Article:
The only thing that I think would have made the book better would have been to put more effort into highlighting how you can avoid the biases. Certainly being aware of them helps and this book goes a long way toward that goal. The author does make some small suggestions at the very end of many chapters but they seem like an afterthought. But that is my only real criticism.

If you are interested in the ways that we aren't "the rational animal" this book is easily recommended. It is quite well done. For people new to the subject I can very highly recommend it as an introduction to the topic.
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42 of 48 people found the following review helpful By Michael J. Amos on October 17, 2012
Format: Hardcover
McRaney is attempting to show us all that behind the thin veneer of our civilized brain, lurks an animal brain that is far more whimsical and powerful than we give it credit for, than our logical brain often does little more than make excuses for behavior it can't predict or control. He does so by examining a variety of behaviors from cold reading to brand loyalty to racism. He conducts his examination be compiling peer reviewed articles from psychology and medical literature.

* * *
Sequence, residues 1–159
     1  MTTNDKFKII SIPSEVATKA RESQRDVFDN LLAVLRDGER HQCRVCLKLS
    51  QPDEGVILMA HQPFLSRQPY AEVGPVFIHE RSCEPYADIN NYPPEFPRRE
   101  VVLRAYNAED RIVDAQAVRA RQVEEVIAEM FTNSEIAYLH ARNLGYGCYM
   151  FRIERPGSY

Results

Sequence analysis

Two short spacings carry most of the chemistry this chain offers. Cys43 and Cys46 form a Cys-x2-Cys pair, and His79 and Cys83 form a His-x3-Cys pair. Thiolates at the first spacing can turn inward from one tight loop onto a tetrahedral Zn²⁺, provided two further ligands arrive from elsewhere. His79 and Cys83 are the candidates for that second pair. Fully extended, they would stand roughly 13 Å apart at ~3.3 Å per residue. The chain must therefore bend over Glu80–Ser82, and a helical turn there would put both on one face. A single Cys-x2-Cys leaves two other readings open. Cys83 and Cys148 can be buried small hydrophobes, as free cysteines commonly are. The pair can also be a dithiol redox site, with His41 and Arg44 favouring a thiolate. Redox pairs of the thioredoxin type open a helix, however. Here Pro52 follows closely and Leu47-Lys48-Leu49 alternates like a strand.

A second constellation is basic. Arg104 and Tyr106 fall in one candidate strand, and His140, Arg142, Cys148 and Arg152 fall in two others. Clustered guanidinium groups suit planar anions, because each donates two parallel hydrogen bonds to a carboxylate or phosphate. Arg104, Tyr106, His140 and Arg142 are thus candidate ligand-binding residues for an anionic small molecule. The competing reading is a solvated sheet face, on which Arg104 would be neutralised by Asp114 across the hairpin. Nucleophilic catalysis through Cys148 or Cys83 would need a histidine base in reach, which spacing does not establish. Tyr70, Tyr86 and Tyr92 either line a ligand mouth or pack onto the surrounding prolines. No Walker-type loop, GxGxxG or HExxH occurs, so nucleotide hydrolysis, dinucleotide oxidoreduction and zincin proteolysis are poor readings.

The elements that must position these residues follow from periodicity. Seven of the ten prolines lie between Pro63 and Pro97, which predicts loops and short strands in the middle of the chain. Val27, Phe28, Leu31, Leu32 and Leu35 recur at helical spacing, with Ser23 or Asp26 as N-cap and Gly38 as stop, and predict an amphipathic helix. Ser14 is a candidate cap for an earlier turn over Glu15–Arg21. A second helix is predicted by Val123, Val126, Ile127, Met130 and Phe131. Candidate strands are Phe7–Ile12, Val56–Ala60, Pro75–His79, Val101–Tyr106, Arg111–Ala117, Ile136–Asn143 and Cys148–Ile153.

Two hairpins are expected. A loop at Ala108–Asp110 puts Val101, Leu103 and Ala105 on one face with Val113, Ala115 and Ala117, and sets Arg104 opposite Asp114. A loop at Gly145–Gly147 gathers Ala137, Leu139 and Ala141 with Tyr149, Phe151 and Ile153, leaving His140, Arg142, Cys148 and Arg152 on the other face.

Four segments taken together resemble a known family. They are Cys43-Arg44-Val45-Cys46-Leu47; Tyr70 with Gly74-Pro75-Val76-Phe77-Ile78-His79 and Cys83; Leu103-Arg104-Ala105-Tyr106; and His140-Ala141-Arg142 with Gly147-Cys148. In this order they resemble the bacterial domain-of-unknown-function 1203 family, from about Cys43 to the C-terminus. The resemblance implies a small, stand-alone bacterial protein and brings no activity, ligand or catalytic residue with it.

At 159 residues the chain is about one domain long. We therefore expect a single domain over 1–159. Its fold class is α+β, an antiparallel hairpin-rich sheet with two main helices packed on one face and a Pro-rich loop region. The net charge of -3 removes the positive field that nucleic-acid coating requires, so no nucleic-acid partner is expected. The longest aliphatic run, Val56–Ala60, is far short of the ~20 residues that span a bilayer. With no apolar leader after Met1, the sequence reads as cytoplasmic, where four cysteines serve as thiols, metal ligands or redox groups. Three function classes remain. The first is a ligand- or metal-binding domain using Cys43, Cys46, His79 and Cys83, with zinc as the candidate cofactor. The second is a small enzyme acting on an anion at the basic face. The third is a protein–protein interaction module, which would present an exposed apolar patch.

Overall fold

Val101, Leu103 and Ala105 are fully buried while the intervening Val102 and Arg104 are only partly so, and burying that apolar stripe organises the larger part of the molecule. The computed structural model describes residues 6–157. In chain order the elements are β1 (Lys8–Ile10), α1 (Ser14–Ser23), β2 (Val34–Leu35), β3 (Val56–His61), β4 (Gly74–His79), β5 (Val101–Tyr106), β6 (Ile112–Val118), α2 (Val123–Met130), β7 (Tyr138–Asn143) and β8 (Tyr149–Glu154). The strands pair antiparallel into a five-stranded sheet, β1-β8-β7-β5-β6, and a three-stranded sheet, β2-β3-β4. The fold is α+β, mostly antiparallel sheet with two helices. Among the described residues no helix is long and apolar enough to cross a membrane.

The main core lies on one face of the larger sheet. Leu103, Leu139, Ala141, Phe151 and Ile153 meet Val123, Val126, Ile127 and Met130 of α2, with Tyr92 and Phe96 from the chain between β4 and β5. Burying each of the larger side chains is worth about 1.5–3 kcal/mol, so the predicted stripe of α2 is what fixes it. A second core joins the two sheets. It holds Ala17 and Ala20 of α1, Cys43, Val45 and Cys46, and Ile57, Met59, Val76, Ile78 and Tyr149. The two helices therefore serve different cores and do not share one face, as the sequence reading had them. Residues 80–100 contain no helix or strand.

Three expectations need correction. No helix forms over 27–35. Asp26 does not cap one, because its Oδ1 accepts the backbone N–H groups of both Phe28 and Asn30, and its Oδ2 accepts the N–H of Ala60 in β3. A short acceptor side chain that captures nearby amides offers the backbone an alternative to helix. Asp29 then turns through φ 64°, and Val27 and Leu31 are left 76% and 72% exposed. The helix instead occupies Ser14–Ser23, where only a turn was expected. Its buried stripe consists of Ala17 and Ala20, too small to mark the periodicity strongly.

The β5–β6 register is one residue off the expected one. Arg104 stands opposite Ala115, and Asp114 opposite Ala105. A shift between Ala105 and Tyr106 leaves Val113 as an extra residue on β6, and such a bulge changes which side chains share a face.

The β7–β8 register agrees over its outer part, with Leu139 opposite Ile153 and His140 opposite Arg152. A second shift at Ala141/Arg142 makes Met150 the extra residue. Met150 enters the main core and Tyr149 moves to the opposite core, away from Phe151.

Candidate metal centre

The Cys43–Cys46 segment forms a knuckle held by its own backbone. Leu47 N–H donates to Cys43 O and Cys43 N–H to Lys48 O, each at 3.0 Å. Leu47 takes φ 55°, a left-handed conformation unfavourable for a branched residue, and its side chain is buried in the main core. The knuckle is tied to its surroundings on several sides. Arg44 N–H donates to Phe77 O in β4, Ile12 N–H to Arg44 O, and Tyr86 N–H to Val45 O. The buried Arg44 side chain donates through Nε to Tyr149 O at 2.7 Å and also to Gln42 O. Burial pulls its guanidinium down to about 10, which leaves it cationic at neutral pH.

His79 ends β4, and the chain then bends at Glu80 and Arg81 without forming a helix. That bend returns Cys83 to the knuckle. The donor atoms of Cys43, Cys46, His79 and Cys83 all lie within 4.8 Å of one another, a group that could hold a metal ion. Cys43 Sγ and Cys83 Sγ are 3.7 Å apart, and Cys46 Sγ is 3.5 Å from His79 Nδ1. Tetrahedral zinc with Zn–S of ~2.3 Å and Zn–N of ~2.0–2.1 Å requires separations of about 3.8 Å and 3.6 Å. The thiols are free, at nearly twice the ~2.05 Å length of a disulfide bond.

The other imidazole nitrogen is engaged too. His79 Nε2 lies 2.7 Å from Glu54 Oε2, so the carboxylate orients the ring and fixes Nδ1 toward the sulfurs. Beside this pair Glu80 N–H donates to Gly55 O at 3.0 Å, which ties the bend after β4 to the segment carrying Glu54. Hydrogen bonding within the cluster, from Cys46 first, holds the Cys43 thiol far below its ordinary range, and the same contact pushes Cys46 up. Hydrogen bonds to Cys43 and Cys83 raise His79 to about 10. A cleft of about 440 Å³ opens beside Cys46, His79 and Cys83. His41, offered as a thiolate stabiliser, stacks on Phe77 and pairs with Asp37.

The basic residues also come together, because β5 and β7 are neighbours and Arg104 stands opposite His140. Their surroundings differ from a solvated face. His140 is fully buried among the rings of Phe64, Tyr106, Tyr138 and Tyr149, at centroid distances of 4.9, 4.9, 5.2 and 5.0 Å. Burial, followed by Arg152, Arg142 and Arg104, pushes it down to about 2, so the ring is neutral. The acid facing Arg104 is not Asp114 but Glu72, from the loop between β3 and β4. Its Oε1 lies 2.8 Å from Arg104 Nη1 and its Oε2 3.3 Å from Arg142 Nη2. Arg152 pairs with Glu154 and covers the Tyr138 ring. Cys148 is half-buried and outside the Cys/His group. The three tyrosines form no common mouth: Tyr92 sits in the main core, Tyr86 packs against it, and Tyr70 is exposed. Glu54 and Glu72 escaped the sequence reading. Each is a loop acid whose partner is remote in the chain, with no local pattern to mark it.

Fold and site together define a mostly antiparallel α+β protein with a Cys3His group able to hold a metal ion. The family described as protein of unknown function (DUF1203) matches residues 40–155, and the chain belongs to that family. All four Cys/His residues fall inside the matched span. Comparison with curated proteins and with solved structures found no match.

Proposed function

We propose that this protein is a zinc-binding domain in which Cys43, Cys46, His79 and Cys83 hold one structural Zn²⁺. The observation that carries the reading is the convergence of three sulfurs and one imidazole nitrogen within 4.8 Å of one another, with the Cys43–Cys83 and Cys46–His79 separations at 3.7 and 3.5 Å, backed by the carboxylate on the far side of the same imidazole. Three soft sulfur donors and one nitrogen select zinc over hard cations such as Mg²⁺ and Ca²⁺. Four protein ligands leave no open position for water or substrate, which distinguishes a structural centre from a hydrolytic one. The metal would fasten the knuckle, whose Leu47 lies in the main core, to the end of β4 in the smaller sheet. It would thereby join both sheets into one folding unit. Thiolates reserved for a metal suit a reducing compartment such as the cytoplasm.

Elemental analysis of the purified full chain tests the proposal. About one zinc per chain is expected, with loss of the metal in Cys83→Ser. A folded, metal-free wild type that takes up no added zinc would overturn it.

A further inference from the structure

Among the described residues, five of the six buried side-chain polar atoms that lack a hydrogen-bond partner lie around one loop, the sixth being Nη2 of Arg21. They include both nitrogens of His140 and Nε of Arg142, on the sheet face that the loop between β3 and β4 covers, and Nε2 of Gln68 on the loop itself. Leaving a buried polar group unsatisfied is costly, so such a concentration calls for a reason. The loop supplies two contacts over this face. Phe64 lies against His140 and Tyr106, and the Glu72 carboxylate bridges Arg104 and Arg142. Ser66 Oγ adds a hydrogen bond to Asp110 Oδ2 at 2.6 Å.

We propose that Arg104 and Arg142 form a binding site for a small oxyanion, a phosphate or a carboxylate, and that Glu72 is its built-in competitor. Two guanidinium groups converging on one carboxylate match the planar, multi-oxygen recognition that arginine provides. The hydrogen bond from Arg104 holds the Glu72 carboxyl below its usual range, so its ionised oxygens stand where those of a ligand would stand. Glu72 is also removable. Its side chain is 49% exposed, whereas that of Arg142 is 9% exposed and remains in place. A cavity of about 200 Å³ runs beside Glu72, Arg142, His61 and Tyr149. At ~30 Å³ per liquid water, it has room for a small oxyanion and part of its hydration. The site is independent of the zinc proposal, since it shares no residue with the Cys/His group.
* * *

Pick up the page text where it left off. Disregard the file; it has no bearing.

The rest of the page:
I give McRaney credit for making the material accessible but I can't say the same about making it interesting. It's incredibly, painfully obvious that the book is little more than a collection of blog posts; the short chapters don't quite run two pages while long ones clock in around ten. Additionally, I feel like the concepts he covers are already in the public eye, available for more complete examination and occasional satire. Finally the author does nothing with the information. No tips for catching yourself in a behavior are suggested, it seems he simply acknowledges the behaviors with an indifferent shrug. I could accept this if McRaney was doing some amount of original work or thought but that's not the case.

The way I most often described this book as I read it was "It's not bad, it's not good, but it's not bad."